Antioxidants are naturally occurring substances found in certain foods that may help protect against damage to the body caused by free radicals. Free radicals are molecular compounds that do not have a paired number of electrons and that can result in cell damage. Free radicals may aid in the progression of certain diseases, such as cancer or heart disease. Free radicals also may contribute to the loss of vision as you age. Free radicals are found in a variety of sources, such as pollutants in the air, X-rays, smoke from cigarettes, and more. Antioxidants may help to prevent some of the damage that is caused by free radicals and assist with decreasing the risk of certain diseases like cancer or heart disease and may even improve immune function or risk of infection.

Whole foods such as fruits, vegetables, whole grains, nuts, and seeds are all great sources of antioxidants. In fact, whole foods are the best way to absorb antioxidants. This is because nutrients and other antioxidants in foods aid in the absorption of antioxidants. When you select a variety of colorful food sources, that helps you to get in an assortment of antioxidants. Below includes a non-inclusive list of some antioxidant sources.

  • Fruits: Fruits contain a variation of different antioxidants, such as beta-carotene, anthocyanins, flavonoids, lycopene and vitamin C.
    • Beta-carotene can be found in orange fruits such as mangoes and apricots.
    • Grapes and berries are great sources of anthocyanins.
    • Flavonoids are found in berries, apples, and citrus fruits.
    • Watermelon and grapefruit are good sources of lycopene.
    • Oranges, kiwis, and strawberries contain the antioxidant vitamin C.
  • Vegetables: Vegetables also contain a variety of antioxidants, such as allium sulphur compounds, anthocyanins, beta-carotene, flavonoids, indoles, isoflavonoids, lutein, lycopene, vitamin A, vitamin C, and vitamin E.
    • Allium sulphur compounds can be found in leeks and onions.
    • Eggplant is a good source of anthocyanin.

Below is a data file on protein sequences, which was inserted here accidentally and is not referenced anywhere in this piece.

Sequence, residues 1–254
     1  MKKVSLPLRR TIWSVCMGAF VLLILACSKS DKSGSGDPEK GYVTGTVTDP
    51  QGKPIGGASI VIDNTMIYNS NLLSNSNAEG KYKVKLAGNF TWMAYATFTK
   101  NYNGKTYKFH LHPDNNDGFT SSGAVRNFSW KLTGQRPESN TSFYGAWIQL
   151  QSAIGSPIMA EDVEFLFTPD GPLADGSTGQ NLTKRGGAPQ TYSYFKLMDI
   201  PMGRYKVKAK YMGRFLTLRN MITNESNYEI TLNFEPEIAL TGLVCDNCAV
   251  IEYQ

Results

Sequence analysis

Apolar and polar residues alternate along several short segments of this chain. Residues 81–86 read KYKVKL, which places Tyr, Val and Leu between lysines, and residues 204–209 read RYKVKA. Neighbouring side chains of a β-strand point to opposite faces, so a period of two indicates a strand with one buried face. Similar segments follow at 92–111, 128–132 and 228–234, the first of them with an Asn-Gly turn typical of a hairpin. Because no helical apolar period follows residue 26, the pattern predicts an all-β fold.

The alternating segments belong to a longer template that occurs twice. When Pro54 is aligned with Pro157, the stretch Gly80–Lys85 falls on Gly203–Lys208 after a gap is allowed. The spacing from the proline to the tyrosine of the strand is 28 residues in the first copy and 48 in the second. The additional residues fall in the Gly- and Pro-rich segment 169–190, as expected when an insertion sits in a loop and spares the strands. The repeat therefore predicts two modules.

• Pumpkin, carrot, and spinach are good sources of beta-carotene.
    • Onions and legumes are good sources of flavonoids.
    • Broccoli, cabbage, and cauliflower are good sources of indoles.
    • Soybeans and peas are good sources of isoflavonoids.
    • Lutein is found in spinach and corn.
    • Tomatoes are a good source of lycopene.
    • Sweet potatoes and carrots are a good source of vitamin A.
    • Vitamin C is found in broccoli and spinach.
    • Avocado is a good source of vitamin E.
  • Whole Grains: Whole grains contain antioxidants, such as lignans and vitamin E.
    • Bran, rye, and barley are good sources of lignans.
    • Vitamin E is found in oats.
  • Nuts and Seeds: Nuts and seeds also contain antioxidants, such as lignans and vitamin E.
    • Sesame seeds are good sources of lignans.
    • Vitamin E can be found in nuts and seeds.
  • Herbs and Spices: Herbs and spices are also a great way to flavor your food and add antioxidants, such as polyphenols and beta-carotene.
    • Thyme and oregano are good sources of polyphenols.
    • Beta-carotene can be found in parsley.

Meat, poultry, fish, red wine, chocolate, and tea are also great sources of antioxidants. Read this article written by Lysandra VanderHart on from Cecelia Health on Foods to Lower Blood Sugar in Diabetes Management that lists more antioxidant rich foods. Find more information about the antioxidant content in foods, beverages, herbs and spices from the Harvard Library.